The belief that people die and are reborn in new bodies, sometimes again and again for millennia, is a fixture in many religions. Hindus, Buddhists, animists and many other groups accept the doctrine in one form or another, as did many of the ancients, including the Celts. There's evidence that reincarnation was an important part of Judaism at one time, and there were early Christian sects that accepted it as well.
Reincarnation is taken for granted among those involved in the occult today. And many people who belong to religious groups that actively disavow reincarnation -- like Roman Catholics and most Protestants -- believe in it privately anyway. It's very comforting to think that we don't just go "poof" when we die or don't have to face some terrible, win-or-lose judgment with no appeal.
But what's the actual evidence for reincarnation?
Aside from the realization that so many of our remote ancestors believed
in it, a fact that deserves respect, we have unexplained memories,
feelings, habits, seemingly impossible coincidences, unshakable dreams,
and even bizarre historical facts that point toward "us being there."
We have deja vu, the feeling that we have "been here before." And for the past 150 years or so, we have had hypnosis. Today, many hypnotists will "regress" people to "past lives." This isn't just for fun -- it has shown remarkable results in helping deal with phobias and other problems people have in their current lives -- problems they believe are traceable to past lives.
Certainly in Nature, all things die and are
But there were a few things that always bothered me as a paranormal investigator, mainly because one of the first lessons I learned as such was that things are almost never what they appear to be. You always have to dig deeper.
First, if reincarnation is true, why are there so many "old ghosts"? Second, what part might ancestral memory play in the reincarnation experience? And finally, what would quantum mechanics, the branch of physics on which I base my own theories and methods, have to say about reincarnation?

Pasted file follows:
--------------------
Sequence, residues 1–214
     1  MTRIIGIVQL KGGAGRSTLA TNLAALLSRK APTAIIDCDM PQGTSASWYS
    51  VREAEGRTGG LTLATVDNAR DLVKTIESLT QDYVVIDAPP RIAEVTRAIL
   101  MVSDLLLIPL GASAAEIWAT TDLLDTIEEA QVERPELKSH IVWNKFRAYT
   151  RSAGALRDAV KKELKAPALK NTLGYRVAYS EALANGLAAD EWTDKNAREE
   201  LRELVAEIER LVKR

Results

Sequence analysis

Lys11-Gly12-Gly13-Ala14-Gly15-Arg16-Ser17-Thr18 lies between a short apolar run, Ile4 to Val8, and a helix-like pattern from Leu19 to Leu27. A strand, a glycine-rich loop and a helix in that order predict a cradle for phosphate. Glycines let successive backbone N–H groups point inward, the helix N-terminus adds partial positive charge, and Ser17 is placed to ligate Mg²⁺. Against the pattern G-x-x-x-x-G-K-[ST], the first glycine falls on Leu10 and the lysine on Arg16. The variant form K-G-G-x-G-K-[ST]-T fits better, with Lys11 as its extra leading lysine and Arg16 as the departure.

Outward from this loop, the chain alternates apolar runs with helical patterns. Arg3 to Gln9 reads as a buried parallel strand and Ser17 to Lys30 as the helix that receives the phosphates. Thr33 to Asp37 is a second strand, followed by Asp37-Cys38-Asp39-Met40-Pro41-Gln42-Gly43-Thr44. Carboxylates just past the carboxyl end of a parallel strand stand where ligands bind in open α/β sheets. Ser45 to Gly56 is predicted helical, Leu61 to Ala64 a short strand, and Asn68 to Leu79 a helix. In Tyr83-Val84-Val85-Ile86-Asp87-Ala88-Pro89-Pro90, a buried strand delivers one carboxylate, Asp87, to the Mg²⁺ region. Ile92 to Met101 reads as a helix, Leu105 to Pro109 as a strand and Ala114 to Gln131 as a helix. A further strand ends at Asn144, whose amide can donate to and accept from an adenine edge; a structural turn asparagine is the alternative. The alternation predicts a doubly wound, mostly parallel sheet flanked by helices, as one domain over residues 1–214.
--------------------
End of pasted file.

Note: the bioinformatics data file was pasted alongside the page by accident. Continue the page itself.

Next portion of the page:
I think the first question can be answered by the other two. The few researchers who have sought to correlate past-life memories with genealogy have sometimes found that people share memories that probably belonged to their ancestors. This, of course, would include memories only up to the time of the birth of the child from whom the subject is in turn descended. And it wouldn't explain death memories.
It's to quantum mechanics that we can look for an explanation of reincarnation that ties up all the loose ends.
Einstein and his successor scientists have essentially proven that time is relative. It exists only in relation to the observer. String theory and quantum mechanics have taken this to the point that we can no longer say that past and future even exist in any objective form.
If there is no past, how can there be past lives?
And if there is no time, how can there be such a thing as death?
Instead, I'm convinced that what we call reincarnation is the experience of parallel or simultaneous lives. And that's exactly how at least one interpretation of quantum mechanics (the one I believe I see in day-to-day action in ghost hunting) views how the universe is constructed. Like soap bubbles in a bathtub, there are billions of parallel worlds side by side with us all the time and with which we constantly interact.
We exist in many of these worlds. The other
people we are form our subconscious and give us our memories and
imaginations. Hypnotic regression simply ties into these parallel-life
If this is true, and if hypnotism really is a valid way to get at it, shouldn't regression therapists have an inkling of this deeper reality?
For years I've made it a point to ask regression
therapists if they ever have subjects describe worlds they don't
recognize. Almost invariably the answer is "yes." I sometimes get a
torrent of stories about subjects whose answers unnerved the therapists.
There were stories about subjects who gave dates in the future --
sometimes the remote future -- when asked what the year was. Others
described being people who were still alive or who hadn't yet been born,
at least in our own little corner of the quantum universe.
In fact, more and more reincarnation experts are accepting the notion of simultaneous lives.
In my opinion, then, the classical idea of
reincarnation is wildly obsolete. If we hope to understand our
experiences of being other people, we must accept that we actually are
I think that, down deep, we and our religions know this is true. If you take Matthew 22:39 ("Love your neighbor as yourself....) and translate it properly from the original Greek, it says "Love your neighbor because he is yourself...."
What a difference! Can you imagine what a true grasp of this concept could do for humanity? As I've said time and again. It's a whole new world, and it's the first day of school!
Copyright 2006 by Paul F. Eno. All rights reserved.